Publisher: Viva Media
Release Date: 2/22/2011
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Point and click adventures are still abundant, but good ones are hard to come by, and even rarer are ones that make it mainstream. Gray Matter is a game that has a story a bit more sophisticated than your typical adventure game. You play as both Samantha Everett and David Styles who are probably the most interesting characters in the game. Sam is an orphan who is traveling the world, but her bike breaks down in London and she winds up at Dread Hill which is the home of Dr. Styles. Dr. Styles is researching ways to bring his wife’s spirit back after a fatal car accident and he’ll do anything to get this research done. The rest of the characters are people you recruit for the research, but their personalities aren’t as likable as the main characters.
The story really gets involved and has a twist ending that will surprise you so playing the game is worth it. The gameplay consists of your typical clicking on things to find the clues and move on. However, Gray Matter is severely flawed in that you have missions to complete and each mission has a number of points associated with finding things. If you miss a few points you have to scour the huge world in the game to find what you missed. This can lead to hours of hunting and clicking on everything until you find it. Certain events won’t trigger until missions are done which I really hate. It is also little to no direction on where to go and what to do in the game. There are different areas in the game you can jump to, but there are so many things to click on that the game is nearly impossible to beat without a guide. Later in the game, you run into a labyrinthine maze-type area and this will take forever without some kind of guide.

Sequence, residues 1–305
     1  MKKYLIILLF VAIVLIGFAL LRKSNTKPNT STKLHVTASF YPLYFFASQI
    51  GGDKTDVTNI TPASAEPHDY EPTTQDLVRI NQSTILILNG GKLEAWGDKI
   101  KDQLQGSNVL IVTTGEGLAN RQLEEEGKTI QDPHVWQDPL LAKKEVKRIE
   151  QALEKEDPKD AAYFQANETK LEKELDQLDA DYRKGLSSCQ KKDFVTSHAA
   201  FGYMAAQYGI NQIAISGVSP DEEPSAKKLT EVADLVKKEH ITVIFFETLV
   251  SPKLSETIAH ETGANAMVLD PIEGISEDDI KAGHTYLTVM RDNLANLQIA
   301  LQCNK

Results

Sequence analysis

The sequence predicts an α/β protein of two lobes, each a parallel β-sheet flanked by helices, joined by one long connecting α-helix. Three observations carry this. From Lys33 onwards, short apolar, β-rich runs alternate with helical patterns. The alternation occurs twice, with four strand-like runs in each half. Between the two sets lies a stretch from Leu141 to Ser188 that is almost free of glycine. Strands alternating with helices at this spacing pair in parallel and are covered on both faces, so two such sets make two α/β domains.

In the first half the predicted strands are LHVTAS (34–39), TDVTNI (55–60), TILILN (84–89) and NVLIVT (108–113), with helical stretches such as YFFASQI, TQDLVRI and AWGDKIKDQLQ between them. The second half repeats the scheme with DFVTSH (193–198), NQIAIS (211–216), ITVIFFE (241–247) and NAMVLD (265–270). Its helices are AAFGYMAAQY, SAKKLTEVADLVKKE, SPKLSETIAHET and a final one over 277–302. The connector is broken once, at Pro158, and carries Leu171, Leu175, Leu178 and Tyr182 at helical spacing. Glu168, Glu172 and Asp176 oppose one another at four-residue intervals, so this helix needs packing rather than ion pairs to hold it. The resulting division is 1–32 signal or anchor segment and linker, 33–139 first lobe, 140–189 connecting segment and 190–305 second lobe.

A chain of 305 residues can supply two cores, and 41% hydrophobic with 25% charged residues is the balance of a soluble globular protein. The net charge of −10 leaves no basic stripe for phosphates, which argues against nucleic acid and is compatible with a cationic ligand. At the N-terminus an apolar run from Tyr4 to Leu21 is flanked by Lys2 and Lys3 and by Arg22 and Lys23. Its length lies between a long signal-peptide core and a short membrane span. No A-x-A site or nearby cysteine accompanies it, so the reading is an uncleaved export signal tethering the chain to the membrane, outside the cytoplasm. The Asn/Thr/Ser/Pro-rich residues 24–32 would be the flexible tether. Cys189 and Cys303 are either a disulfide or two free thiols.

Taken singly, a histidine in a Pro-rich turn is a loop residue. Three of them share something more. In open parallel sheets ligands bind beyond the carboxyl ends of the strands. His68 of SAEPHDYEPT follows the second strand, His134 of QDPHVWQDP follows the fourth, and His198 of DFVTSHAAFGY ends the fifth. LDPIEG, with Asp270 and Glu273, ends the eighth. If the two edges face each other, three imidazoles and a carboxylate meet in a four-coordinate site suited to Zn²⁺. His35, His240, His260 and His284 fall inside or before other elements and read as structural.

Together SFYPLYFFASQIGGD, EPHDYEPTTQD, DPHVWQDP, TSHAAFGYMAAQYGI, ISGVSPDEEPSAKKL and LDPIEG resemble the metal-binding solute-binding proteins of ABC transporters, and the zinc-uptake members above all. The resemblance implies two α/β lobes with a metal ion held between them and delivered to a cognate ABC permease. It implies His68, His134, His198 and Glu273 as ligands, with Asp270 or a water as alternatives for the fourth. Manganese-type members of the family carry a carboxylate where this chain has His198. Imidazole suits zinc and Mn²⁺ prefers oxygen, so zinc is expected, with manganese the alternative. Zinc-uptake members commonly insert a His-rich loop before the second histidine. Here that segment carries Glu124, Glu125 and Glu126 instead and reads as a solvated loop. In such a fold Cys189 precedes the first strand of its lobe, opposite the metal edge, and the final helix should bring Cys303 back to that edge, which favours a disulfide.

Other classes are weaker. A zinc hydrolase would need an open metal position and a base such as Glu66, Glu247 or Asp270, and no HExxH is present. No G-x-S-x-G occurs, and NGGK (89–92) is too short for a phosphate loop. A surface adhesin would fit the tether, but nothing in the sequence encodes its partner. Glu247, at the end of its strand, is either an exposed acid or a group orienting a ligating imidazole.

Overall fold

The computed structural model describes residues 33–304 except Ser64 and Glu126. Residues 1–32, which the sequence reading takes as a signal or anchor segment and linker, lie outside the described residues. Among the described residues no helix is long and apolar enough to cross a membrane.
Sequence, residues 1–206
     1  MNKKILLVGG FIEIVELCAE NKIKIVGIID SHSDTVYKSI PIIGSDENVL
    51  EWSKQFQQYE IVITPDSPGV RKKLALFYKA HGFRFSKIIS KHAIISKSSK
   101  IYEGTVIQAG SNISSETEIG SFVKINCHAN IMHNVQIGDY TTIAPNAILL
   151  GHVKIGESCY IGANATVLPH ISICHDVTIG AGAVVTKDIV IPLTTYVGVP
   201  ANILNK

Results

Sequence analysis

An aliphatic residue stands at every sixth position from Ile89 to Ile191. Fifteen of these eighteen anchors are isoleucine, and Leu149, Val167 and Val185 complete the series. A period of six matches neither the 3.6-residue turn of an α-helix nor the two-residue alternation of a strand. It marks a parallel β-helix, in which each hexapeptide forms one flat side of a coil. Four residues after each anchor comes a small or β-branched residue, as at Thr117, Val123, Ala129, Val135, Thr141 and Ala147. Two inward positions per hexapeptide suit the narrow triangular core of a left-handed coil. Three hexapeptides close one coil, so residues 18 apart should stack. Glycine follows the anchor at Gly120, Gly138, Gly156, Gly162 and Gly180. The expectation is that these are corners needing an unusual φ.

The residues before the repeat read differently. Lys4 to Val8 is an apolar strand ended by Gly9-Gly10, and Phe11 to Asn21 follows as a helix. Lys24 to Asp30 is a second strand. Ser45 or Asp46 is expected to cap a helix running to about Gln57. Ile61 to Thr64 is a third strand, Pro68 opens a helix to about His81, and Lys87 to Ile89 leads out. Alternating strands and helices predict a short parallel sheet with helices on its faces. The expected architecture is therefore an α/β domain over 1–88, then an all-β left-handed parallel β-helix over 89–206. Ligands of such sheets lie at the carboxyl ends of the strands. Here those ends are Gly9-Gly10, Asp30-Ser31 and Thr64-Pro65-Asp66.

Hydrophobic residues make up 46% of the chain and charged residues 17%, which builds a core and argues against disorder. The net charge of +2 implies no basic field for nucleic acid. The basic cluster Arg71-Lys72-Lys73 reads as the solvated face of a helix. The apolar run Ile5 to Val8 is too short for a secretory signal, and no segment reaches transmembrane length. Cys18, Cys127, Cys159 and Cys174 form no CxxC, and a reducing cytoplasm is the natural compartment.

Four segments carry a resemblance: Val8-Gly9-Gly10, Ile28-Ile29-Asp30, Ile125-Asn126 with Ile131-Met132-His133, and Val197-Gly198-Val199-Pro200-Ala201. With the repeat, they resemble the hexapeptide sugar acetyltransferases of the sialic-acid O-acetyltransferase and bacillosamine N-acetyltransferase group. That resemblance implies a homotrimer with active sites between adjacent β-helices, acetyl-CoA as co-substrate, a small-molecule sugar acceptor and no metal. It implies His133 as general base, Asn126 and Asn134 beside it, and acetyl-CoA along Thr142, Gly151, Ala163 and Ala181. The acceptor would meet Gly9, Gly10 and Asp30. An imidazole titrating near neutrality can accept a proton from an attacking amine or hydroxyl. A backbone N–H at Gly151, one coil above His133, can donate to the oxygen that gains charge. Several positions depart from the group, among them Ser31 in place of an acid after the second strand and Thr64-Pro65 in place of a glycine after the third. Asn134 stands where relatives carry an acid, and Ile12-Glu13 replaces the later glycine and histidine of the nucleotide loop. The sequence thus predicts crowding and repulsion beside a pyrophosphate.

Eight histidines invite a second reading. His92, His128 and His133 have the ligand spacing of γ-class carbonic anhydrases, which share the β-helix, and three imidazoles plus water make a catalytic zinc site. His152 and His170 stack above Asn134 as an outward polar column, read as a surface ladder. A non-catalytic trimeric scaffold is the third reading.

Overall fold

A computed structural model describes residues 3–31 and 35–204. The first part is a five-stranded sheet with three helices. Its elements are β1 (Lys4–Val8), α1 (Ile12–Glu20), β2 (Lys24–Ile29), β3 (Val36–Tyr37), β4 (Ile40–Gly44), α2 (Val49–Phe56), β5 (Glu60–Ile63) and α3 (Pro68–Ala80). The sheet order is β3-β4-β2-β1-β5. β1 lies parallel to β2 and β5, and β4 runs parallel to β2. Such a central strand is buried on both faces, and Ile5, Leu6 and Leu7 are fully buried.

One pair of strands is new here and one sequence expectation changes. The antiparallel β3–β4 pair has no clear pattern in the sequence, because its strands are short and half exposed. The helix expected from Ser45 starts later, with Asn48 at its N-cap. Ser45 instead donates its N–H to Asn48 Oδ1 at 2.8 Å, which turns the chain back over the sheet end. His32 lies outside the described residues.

There are a few interesting things Gray Matter does for the adventure genre and these are magic tricks. You get a book of magic and you have to use it to get certain things done in the game. Things bring up a new window that has you following instructions on how to map out the trick. It’s interesting and changes the pace a bit. Of course, there is a mini-game tossed in here and there, but most of the time you will be running around clicking on everything almost blindly and this really hurts the flow and pacing of the game.
The visuals in the game are decent, but the drawn cutscenes that are just a few frames really aren’t that great. The art is smudgy, and the character design is inconsistent throughout the whole game. The in-game models will be completely different from the hand-drawn scenes, but then some scenes will have the characters looking different. I found this very weird and annoying. Overall the art is very nice, especially towards the end of the game in the Daedalus Club.
The voice acting is decent at best, but Sam’s actress is pretty bad and sounds cheesy. Most of the game is all British actors so there isn’t much variety. My favorite character of them all is Dr. Styles who is struggling within himself to go out and socialize, but he feels like a monster due to the scar on his face. The game is really an acquired taste among both adventure gamers and hardcore gamers alike.
If you can stomach the goalless wandering of the game by either using a guide or just aimlessly clicking everywhere you will be rewarded with a rich and dark story. The game also has a decent length that will run you about 8-10 hours and that’s if you just use a guide and run through the game. I really wish the game would guide you more because it almost breaks the entire game.